I was surprised to learn 4K video files end up getting split into multiple files, which makes things a little more difficult when editing video together (apparently you can get around this if you’re using an SDXC memory card larger than 32GB). It’s certainly been an adjustment period for me switching to the G85 and micro four thirds cameras, and I’ll admit that during my first few weeks with Panasonic’s latest shooter, I regretted the switch.

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After allowing myself adequate time to adjust to the intricacies that stem from using a micro four thirds camera, as well as getting used to the G85’s various settings, I’m slowly becoming more comfortable with my decision to enter the smaller, lighter, video focused world of micro four thirds cameras. The G85 would also be great for anyone looking to upgrade from their smartphone’s shooter, but don’t want to carry around a big, bulky camera (even Panasonic’s GX85, which is slightly cheaper than the G85, is a great option).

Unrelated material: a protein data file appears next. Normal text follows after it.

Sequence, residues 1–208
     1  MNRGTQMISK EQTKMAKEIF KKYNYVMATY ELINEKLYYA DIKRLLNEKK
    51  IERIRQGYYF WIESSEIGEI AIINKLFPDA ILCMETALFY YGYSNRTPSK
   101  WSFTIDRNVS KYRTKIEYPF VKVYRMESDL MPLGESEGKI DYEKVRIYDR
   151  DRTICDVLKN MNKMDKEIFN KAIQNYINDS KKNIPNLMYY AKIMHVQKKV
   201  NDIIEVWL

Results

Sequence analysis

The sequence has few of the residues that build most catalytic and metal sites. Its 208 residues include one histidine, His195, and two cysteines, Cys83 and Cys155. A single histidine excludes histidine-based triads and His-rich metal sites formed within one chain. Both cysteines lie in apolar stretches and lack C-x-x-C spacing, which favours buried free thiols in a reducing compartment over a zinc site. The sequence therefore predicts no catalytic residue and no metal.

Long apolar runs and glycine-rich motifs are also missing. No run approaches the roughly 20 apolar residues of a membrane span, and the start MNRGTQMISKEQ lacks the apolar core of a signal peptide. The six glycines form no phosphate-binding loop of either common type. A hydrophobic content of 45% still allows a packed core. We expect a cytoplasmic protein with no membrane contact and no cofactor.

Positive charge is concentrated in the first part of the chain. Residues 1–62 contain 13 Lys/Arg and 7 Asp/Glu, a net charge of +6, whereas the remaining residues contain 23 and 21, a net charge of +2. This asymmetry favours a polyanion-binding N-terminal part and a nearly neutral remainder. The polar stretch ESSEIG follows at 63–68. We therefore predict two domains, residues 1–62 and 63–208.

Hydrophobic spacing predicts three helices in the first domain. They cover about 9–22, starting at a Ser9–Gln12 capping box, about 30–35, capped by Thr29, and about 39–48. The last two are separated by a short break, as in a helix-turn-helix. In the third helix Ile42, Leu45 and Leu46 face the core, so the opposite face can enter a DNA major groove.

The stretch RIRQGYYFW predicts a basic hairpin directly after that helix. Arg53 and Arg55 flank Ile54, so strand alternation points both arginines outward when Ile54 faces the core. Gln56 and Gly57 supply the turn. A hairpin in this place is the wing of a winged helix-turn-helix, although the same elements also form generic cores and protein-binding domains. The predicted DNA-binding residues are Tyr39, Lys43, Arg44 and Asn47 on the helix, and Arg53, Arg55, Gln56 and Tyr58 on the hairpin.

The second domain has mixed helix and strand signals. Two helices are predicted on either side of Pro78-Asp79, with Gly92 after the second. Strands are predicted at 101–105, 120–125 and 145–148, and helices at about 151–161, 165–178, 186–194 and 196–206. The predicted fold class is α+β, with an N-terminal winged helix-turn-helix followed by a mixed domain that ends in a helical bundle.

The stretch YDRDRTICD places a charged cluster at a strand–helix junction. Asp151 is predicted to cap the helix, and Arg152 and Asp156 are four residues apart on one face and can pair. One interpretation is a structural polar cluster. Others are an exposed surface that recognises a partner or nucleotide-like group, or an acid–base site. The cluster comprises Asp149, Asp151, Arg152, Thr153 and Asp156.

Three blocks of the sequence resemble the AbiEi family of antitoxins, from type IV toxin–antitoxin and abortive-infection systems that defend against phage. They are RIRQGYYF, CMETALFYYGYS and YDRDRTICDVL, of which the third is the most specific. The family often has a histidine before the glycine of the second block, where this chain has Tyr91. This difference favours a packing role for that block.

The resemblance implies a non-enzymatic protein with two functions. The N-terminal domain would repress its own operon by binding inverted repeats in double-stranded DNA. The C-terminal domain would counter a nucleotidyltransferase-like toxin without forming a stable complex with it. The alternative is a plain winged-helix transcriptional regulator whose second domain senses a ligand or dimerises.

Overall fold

Panasonics’ G85 is available from most retailers for $1,199 CAD with a G VARIO 12-60mm F/3.5-5.6 ASPH lens and $949 for just the body.

The Panasonic G85 I used for this story was provided to me as a loan by Panasonic (when the camera is sent back to Panasonic, I plan to buy my own). 

Comments

  • ChrisPollard77

    Another advertorial? (advertisement disguised as an editorial, for those who may not have heard the term) So “your choice” of moving the the G85 was really “Panasonic gave me this $1200 camera to try?”

    Why not just open up with the article is a review? This is the kind of stuff that, while becoming very common, is destroying the credibility of tech writers all over the internet.